Weights and measures are standardised to prevent inaccurate estimations and discrepancies that can potentially lead to serious and ugly allegations of cheating and costly disputes. But do we standardise our perceptions or intelligence before judging others with credence?
Undoubtedly, none of us is absolutely perfect or absolutely imperfect, we are both. Each one of us carries an ever-varying mix of the good, the bad and the ugly, and our vanity of course.
How can we use an imperfect tool — our feeble mind, which is so fallible, gullible and whimsical, constantly flickering and wavering, and deeply characterized by our intrinsic beliefs and inherent biases, prejudices and stigmas — to judge the perfections or the imperfections of other humans? How often do we get our judgement wrong and how do we know that have got it right? We just don’t know! We may, however, love our delusion.
Humans share the same 99.9% DNA. In essence, we are just images of one another. We like to see in others what we carry within us, what we wish to see in them to validate and justify our imperfections. We choose to consciously turn a blind eye to those things in other people that threaten us or make us feel small or inadequate. The state of our internal world lends us perception. Our distorted perceptions and internal mess distort our judgement. Proverbially, beauty lies in the eyes of the beholder.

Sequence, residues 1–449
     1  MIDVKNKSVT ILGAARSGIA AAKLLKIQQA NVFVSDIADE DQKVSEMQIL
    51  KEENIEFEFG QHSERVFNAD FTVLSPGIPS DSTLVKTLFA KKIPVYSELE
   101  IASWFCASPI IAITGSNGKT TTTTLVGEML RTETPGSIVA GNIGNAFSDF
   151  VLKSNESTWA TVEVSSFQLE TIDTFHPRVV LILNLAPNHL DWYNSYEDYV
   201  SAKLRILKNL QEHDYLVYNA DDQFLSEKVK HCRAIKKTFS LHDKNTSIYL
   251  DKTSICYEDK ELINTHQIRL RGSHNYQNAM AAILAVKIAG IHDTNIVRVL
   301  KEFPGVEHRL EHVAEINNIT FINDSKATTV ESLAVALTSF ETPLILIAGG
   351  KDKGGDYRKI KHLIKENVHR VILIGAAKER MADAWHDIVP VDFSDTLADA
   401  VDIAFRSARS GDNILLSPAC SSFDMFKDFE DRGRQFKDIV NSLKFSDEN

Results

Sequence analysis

Regular self-correction, therefore, involving an unbiased self-introspective process, is absolutely necessary for lending some degree of credibility to our judgement of other people. For this, we may try detaching our ego from our self on a daily basis, albeit for only a few moments, and then take a hard and sharp look at ourselves, unashamedly and unreservedly.
If we indulge in a regular self-introspective and self-cleansing process, we may possibly find ourselves becoming more humbled, softer and rounded-off, after discovering how limited and inadequate we actually are. We may even learn the art of laughing at ourselves, which is essential for gaining a true perception of the world and adapting ourselves tearlessly with other humans cohering with us on our beautiful planet.
Regular self-introspection may certainly also help us reap immense tangible and intangible benefits, health-wise and otherwise. We may be able to lead much more personal and collective peaceful lives, realised and responsible, and who knows what? We may even discover the insignificance of pearls and diamonds, gold and silver that allure us, corrupting our consciousness and fast turning our world into a perilously unsustainable and dangerous place.
… Bill K Koul [30 Oct 2022, Perth, Western Australia]